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U.S. reducing rhetoric that feeds North Korean belligerence

By Barbara Starr and Tom Cohen, CNN
April 5, 2013 -- Updated 1437 GMT (2237 HKT)
STORY HIGHLIGHTS
  • FIRST ON CNN: Communications intercepts suggest possibility of North Korea missile launch
  • North Korea moves up to two missiles to its East coast, U.S. official says
  • State Department focuses on diplomacy in discussing North Korea
  • North Korea issues more threats, but said to lack missile technology to strike U.S. mainland

Are you from South or North Korea? Send us your views on the crisis.

Washington (CNN) -- Recent announcements of American military deployments in response to belligerent statements by North Korea may have contributed to escalating tensions between the two countries, Pentagon officials told CNN on Thursday in explaining an effort to reduce U.S. rhetoric about the reclusive state.

"We accused the North Koreans of amping things up, now we are worried we did the same thing," one Defense Department official said.

They spoke on the same day a U.S. official first told CNN that communications intercepts indicated North Korea may be planning to launch a mobile ballistic missile in the coming days or weeks.

Classified images and communications intercepts show that North Korea has moved up to two mobile missiles, launchers and fuel tanks to its East coast, another American official with knowledge of the matter told CNN.

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South Korean Defense Minister Kim Kwan-jin told a parliamentary committee in Seoul that the activity signaled an imminent test firing or military drill, according to the semi-official South Korean news agency Yonhap.

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One U.S. official said it is believed any launch this time would be a test.

The activity is consistent with a Musudan missile, the official said.

The Musudan is based on a Soviet-era system and has a 2,500-mile (4,000-kilometer) range that can threaten South Korea, Japan and Southeast Asia, but not U.S. forces based on Guam.

As a vital ally to South Korea since the Korean war in the 1950s, the United States has pledged military backing to Seoul in the event of an attack by North Korea.

In addition, North Korea has been developing nuclear weapons technology, raising concerns of rapid proliferation in the region and even a possible nuclear strike by Pyongyang.

The fraught situation on the Korean Peninsula stems from the North's latest long-range rocket launch in December and underground nuclear test in February.

In response, the United States helped bring tougher U.N. sanctions on North Korea and took part in joint military exercises with South Korea, prompting Kim Jong Un's government to ratchet up its threats in recent weeks.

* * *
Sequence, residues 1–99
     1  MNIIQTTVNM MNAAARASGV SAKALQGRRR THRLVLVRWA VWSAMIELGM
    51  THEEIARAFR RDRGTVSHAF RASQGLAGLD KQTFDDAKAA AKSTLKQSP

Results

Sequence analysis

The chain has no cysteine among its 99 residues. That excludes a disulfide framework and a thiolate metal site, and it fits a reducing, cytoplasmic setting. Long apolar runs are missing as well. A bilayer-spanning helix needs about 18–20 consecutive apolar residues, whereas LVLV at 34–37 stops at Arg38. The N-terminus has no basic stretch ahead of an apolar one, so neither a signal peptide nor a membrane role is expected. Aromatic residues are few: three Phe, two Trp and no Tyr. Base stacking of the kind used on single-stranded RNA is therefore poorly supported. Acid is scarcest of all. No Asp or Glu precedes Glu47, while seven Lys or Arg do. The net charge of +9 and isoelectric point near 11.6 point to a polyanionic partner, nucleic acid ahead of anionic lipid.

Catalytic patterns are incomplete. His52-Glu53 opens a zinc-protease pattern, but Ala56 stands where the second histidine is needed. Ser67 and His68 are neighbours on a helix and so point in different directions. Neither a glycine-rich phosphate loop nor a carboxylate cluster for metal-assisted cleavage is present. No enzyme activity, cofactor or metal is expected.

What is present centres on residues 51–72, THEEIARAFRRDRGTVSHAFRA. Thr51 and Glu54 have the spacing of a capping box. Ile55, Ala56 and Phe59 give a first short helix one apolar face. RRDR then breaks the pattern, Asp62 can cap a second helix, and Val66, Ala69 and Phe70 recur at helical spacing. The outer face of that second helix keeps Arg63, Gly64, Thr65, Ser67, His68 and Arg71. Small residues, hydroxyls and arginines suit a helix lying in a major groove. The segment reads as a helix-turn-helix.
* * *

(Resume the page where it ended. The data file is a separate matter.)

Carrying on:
That caused the United States to display its military strength in the annual drills taking place now, flying B-2 stealth bombers capable of carrying conventional or nuclear weapons, as well as Cold War-era B-52s and F-22 Raptor stealth fighters over South Korea.

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On Thursday, a North Korean army official warned that "the moment of explosion is approaching fast."

"No one can say a war will break out in Korea or not and whether it will break out today or tomorrow," said the spokesman for the General Staff of the North's Korean People's Army (KPA).

"The responsibility for this grave situation entirely rests with the U.S. administration and military warmongers keen to encroach upon the DPRK's sovereignty and bring down its dignified social system with brigandish logic," the KPA spokesman added in a statement published by the state-run Korean Central News Agency (KCNA).

A spokeswoman for the White House National Security Council said Thursday that the United States continues to closely monitor the situation.

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"Threats and provocative actions will not bring North Korea the security, international respect, and economic development it seeks," said the NSC spokeswoman, Caitlin Hayden. "We will continue to urge the North Korean leadership to heed President Obama's call to choose the path of peace and come into compliance with its international obligations."

Earlier, a Defense Department official told CNN that from a communications point of view, "we are trying to turn the volume down" on U.S. rhetoric about North Korea. The official, speaking on condition of not being identified, said the change referred to public statements by the Obama administration instead of how U.S. military hardware were being deployed in the region.

According to the official, some Pentagon officials were surprised at how U.S. news releases and statements on North Korea were generating world headlines and therefore provoking a Pyongyang response.

"We are absolutely trying to ratchet back the rhetoric," the official said. "We become part of the cycle. We allowed that to happen."

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At the State Department, spokeswoman Victoria Nuland said Thursday the United States needed to take the defensive steps it did in view of North Korea's threats, but she focused on a diplomatic solution available if Pyongyang changed its behavior.